The one who is distressed or worried should know that whatever psychological pain afflicts him is not wasted, but serves a purpose in increasing his hasanaat (good deeds) and expiating for his sayi'aat (bad deeds). The Muslim should realize that if it were not for disasters and afflictions, we would come empty-handed on the Day of Resurrection, as some of the salaf (early generations of Islam) pointed out, which is why they would rejoice when misfortune struck just as we rejoice at times of ease.
When a person understands how the disasters that befall him expiate for his sins, he will rejoice and be of good cheer, especially if that happens to him straight after he has committed a sin, as happened to some of the Sahaabah, may Allaah be pleased with them. 'Abd-Allaah ibn Mughaffal (may Allaah be pleased with him) reported that a man met a woman who had been a prostitute during the time of Jaahiliyyah. He started to joke with her, then he touched her. She told him, "Watch it! Allaah has destroyed shirk (once 'Affaan said: has destroyed Jaahiliyyah) and has brought us Islam." The man went away, and walked into a wall, cutting his face. The Prophet (peace and blessings of Allaah be upon him) came along, so the man told him what had happened, and he said: "You are a slave for whom Allah wishes good. When Allaah wishes good for His slave, He hastens the punishment for his sin; when He does not wish good for His slave, he withholds the punishment until the matter is settled on the Day of Resurrection, when all of his sins will be brought forth together."
The Prophet (peace and blessings of Allaah be upon him) said: "When Allaah wishes good for His slave, He hastens to bring about his punishment in this world, and if He does not wish good for him, He withholds the punishment until he is dealt with for his sin on the Day of Resurrection."
Understanding the reality of this world
The believer knows that this world is only temporary, that its luxuries are few, and that whatever pleasures exist here are always imperfect. If it causes a little laughter, it gives many reasons to weep; if it gives a little, it withholds far more. The believer is only detained here, as the Messenger of Allaah (peace and blessings of Allaah be upon him) said: "This world is the prison of the believer and the paradise of the kaafir."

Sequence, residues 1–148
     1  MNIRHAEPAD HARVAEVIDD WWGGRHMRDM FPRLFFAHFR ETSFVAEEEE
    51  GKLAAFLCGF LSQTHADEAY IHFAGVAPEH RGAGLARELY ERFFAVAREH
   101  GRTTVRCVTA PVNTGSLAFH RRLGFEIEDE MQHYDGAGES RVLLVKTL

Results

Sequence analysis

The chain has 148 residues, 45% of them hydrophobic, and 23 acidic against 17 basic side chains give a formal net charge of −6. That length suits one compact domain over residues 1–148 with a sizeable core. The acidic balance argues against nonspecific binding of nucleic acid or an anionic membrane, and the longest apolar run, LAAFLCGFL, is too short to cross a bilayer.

This world is also fatigue, pain, misery and suffering, so the believer feels relief when he departs from it. Abu Qutaadah ibn Rib'i al-Ansaari used to say that a funeral passed the Messenger of Allaah (peace and blessings of Allaah be upon him) and he said: "He is now relieved, and people feel relieved of him." The people asked, "O Messenger of Allaah, how can he be relieved and people feel relieved of him?" He said, "The believing slave (who dies) is relieved of the fatigue and pain of this world and has gone to the mercy of Allaah; when the rebellious slave dies, people, land, trees and animals are relieved of him."
For the believer, death brings a respite from the distress, worries and pain of this life, as is stated in the hadeeth: "When the believer is about to die, the angels of mercy bring white silk and say, 'Come out content, with the pleasure of Allaah upon you, to the mercy of Allaah and sweet fragrance and a Lord who is not angry.' So (the soul) comes out like the best fragrance of musk and the angels hand it to one another until they bring it to the gate of heaven. They say, 'How good is this fragrance that has come from the earth' They bring it to the souls of the believers, and they rejoice over it much more than you do when one who has been absent returns. They ask him, 'What did So-and-so do? What did So-and-so do?' then (the angels) say, 'Leave him alone, for he was suffering the distress of the world.' When he asks, 'Did not So-and-so come to you?' they say: 'He was taken to his home in the Pit (i.e., Hell).' When the kaafir is about to die, angels of punishment bring sackcloth and say, 'Come out discontent, with the wrath of Allaah upon you, to the punishment of Allaah.'So (the soul) comes out like the worst stench of rotten meat, and they take it to the gate of the earth. They say, 'How foul is this stench,' until they bring it to the souls of the kuffaar."
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author: Yaser Birjas
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author: Sheikh Muhammed Salih Al-Munajjid